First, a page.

Photocall - Who said women shouldn't play football?

 

Photocall

 

Saturday 20th June, 11am

Firhill Complex, Hopehill Road, Glasgow G20 7HH

 

Who Said Women Shouldn’t Play Football?

Refugee Week gets women on the pitch for the Afroscots United 5-a-side Tournament

 

 

To celebrate Refugee Week Scotland 2009 Afroscots United invite women from all backgrounds to take part in a special Women’s 5-a-side tournament at Firhill.

 

Teams from across Glasgow – including women who are refugees and women from all over the world – will take part in this no-holds-barred contest.

 

Photo opportunities will be available throughout the day which runs from 11am-4pm.

 

 

For more details contact:
Clare Harris or Karin Goodwin, Media and Communications Officers on

0141 223 7927, 07734 030763

media@scottishrefugeecouncil.org.uk

 

 

Over 100 diverse arts, cultural and sporting events will take place across Scotland to mark this year’s Refugee Week, taking place from June 15-21. Download it here: http://www.scottishrefugeecouncil.org.uk/Ref_Week_Prog

 

 

For more information go to www.refugeeweek.org.uk/scotland

Check out and pass on our HOME video at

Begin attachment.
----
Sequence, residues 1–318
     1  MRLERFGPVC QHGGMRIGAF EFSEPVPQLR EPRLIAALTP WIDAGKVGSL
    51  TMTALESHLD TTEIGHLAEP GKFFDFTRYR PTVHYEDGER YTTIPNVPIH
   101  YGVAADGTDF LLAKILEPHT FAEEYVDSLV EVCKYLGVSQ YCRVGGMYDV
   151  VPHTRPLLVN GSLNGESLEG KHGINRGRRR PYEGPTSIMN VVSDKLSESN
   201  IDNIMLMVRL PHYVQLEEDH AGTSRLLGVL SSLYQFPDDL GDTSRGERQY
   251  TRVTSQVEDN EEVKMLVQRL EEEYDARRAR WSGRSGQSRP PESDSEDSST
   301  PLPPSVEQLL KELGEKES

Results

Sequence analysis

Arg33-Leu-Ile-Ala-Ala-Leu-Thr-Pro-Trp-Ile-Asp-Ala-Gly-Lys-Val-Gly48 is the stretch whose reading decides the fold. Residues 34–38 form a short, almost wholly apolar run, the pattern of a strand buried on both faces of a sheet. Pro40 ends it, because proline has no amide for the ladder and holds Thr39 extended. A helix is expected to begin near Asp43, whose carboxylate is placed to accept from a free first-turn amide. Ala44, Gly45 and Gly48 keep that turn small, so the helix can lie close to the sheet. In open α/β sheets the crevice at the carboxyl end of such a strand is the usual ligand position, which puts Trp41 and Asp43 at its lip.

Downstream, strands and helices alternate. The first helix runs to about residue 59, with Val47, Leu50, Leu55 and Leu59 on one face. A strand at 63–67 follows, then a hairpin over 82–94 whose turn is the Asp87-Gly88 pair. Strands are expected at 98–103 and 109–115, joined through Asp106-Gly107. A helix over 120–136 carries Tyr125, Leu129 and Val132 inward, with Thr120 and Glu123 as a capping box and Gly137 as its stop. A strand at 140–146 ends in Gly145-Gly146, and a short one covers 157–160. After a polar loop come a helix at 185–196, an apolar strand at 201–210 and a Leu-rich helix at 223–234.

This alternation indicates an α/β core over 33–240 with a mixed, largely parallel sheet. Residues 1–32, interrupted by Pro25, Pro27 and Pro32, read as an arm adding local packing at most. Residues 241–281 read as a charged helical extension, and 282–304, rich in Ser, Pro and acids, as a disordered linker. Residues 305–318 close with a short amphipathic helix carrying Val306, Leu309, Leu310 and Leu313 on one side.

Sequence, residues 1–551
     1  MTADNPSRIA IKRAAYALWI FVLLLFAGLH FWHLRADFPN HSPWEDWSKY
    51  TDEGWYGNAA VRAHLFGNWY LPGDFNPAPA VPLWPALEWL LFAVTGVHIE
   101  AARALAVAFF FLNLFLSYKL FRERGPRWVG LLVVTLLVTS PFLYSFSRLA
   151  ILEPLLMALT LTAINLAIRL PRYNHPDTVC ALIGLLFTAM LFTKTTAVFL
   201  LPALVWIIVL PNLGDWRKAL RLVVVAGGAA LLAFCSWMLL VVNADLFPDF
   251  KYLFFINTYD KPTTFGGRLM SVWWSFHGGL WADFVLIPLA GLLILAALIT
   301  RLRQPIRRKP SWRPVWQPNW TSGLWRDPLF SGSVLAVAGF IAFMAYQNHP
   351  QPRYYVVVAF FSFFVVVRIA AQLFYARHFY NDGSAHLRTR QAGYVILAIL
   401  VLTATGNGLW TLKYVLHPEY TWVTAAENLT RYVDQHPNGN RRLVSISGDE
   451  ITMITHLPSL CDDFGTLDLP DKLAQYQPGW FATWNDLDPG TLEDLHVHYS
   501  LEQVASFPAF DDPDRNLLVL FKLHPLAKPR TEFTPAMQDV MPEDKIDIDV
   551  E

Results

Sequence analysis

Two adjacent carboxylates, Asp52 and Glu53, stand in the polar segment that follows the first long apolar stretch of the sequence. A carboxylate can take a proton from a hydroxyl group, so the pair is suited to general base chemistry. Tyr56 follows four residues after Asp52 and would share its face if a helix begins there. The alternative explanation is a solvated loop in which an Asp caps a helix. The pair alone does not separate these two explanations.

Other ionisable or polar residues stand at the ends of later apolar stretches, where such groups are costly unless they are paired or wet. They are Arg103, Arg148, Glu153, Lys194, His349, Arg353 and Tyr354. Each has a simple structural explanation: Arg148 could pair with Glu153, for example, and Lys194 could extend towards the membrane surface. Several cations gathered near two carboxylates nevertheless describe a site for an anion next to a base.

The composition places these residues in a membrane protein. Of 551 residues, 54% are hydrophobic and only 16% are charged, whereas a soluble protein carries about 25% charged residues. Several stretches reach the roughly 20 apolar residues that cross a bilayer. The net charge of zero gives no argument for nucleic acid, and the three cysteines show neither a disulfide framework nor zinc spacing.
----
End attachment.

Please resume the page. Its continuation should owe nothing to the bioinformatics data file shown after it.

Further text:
www.youtube.com/RefugeeWeekScotland

 

 

//ends

 

 

Notes to Editors

 

  1. Refugee Week Scotland is coordinated by Scottish Refugee Council, www.scottishrefugeecouncil.org.uk and is a partner event with Homecoming Scotland.

 

  1. Refugee Week is a UK-wide programme of arts, cultural and educational events that celebrate the contribution of refugees to the UK, and encourages a better understanding between communities. Refugee Week 2009 will take place from 15th to 21st June.

 

  1. The purpose of Refugee Week is to deliver positive educational messages that counter fear, ignorance and negative stereotypes of refugees, through arts, cultural and educational events that celebrate the contribution of refugees to the UK, and promote understanding about the reasons why people seek sanctuary.

 

Refugee Week was first held in 1998, and was created in response to the increasingly negative perceptions of refugees and asylum seekers held by the general public in Britain. It remains the only UK-wide event that promotes the importance of sanctuary and the benefits it can bring to both refugees and host communities.